Congress tees up hearings on GSA's lavish Las Vegas conference
WASHINGTON - The federal officials who partied too hard in Las Vegas will now suffer the hangover on Capitol Hill, as lawmakers compete to out-investigate one another.
A scandal that's also a political opportunity, the recent revelations about the absurdly lavish General Services Administration conference give congressional panel chairmen a big target. The serious shooting starts Monday.
"We've seen there's a problem, and we're going to be digging more deeply into this," Rep. Jeff Denham, R-Calif., said Friday.
Denham leads a House panel that oversees federal buildings, a post that previously garnered the freshman attention with scrutiny of a wasteful Securities and Exchange Commission lease. Those earlier hearings helped drive the SEC to cancel the lease.
Denham's House Subcommittee on Economic Development, Public Buildings and Emergency Management will hold a hearing Tuesday on the GSA's Las Vegas conference. That will be preceded Monday by a kickoff hearing with the House Committee on Oversight and Government Reform.
As revealed by an inspector general audit issued April 2, the General Services Administration spent $822,751 on its October 2010 Western Regional Conference. The total costs included six pre-conference planning trips by officials checking out the M Resort Spa Casino on the south end of the Las Vegas Strip.
The conference was attended by about 300 employees of the GSA, which manages federal buildings and operates as the administrative arm of the federal government.
Auditors called the conference spending "excessive, wasteful and in some cases impermissible." It included glittering hospitality suites, commemorative coins, breakfasts costing $44.80 a person and a $75,000 "team-building exercise" in which participants built bicycles from scratch.
"We want to be sure we hold accountable those who have misused public dollars," Denham said.
Acknowledging the spending was "very troubling" and "especially egregious," GSA Administrator Martha Johnson immediately resigned upon release of the inspector general's audit. Also, two deputies were fired and four managers were placed on leave. Congressional denunciations followed quickly.
Republican Rep. Darrell Issa, R-Calif., maneuvered his way to the head of the line by scheduling a leadoff hearing Monday before his House Oversight and Government Reform Committee. Although the back-to-back hearings could prove complementary and could amplify a Republican message about waste in the Obama administration, seizing the first spot gives Issa potentially higher visibility.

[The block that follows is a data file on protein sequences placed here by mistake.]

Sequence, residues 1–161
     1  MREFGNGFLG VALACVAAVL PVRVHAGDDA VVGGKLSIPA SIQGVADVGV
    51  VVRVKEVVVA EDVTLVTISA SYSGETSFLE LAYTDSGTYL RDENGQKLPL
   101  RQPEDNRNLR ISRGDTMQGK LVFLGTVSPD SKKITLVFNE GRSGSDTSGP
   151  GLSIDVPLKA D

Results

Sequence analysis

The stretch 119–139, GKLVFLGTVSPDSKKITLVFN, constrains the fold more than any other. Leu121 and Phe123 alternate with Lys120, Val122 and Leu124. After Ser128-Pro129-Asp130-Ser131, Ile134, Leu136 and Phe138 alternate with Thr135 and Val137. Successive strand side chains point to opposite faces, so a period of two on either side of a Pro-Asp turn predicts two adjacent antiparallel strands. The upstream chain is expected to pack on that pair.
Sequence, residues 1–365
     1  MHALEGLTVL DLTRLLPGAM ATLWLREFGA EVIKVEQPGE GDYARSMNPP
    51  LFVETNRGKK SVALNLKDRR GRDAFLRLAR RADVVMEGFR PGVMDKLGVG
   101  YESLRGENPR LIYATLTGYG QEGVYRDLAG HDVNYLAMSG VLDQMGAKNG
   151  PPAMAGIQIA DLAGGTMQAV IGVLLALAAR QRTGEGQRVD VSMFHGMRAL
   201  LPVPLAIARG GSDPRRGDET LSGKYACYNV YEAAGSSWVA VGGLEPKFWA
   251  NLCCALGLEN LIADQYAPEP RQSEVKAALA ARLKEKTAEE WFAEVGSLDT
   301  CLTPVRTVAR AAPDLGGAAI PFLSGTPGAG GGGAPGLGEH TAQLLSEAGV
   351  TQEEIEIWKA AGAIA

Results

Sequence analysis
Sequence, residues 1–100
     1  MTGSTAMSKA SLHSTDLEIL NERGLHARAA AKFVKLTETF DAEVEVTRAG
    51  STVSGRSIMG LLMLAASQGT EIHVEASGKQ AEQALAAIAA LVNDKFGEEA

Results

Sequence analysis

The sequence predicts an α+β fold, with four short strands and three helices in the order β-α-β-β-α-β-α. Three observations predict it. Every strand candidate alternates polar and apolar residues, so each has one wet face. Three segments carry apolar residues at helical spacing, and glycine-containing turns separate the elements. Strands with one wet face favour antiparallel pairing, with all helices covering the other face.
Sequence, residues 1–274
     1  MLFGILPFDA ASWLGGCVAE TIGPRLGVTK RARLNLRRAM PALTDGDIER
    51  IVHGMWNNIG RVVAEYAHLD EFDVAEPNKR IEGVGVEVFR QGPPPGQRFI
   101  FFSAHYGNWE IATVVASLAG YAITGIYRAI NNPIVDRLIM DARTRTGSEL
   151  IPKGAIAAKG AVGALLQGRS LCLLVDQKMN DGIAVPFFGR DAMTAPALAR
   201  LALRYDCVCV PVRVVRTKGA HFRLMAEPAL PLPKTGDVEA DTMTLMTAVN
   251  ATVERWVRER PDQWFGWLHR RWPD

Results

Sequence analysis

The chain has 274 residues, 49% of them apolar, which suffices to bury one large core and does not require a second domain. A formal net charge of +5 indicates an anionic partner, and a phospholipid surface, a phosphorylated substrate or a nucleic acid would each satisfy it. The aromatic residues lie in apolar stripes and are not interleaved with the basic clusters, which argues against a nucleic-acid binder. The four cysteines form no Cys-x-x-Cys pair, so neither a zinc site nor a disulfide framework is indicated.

"We have failed to do our job of keeping after this ever-growing bureaucracy, which is our responsibility," Issa told the Fox News Channel's Greta Van Sustern earlier this month. "We shouldn't fund and then forget."
Issa has used his committee to go after the Obama administration on a variety of fronts, including loan guarantees for troubled solar energy firms. Playing defense, committee Democrats have hoped to extend the panel's inquiry into GSA problems during the Bush administration.
The GSA's 2008 conference in New Orleans during the Bush administration cost $655,000, agency records show.
"We're committed to doing all we can to make the situation right," Acting GSA Administrator Dan Tangherlini said April 10 on a video posted on the agency's website. "We've identified ways to be more efficient and effective stewards of taxpayer dollars."
Yet another House panel, the House Energy and Commerce Committee, has been obtaining and releasing Obama administration documents concerning travel by GSA officials.
In the Senate, Missouri Democratic Sen. Claire McCaskill has sharply questioned whether bonuses were improperly paid to GSA workers. She has not yet called for her own hearings into the Las Vegas conference, though she could do so eventually as chair of the Senate Subcommittee on Contracting Oversight.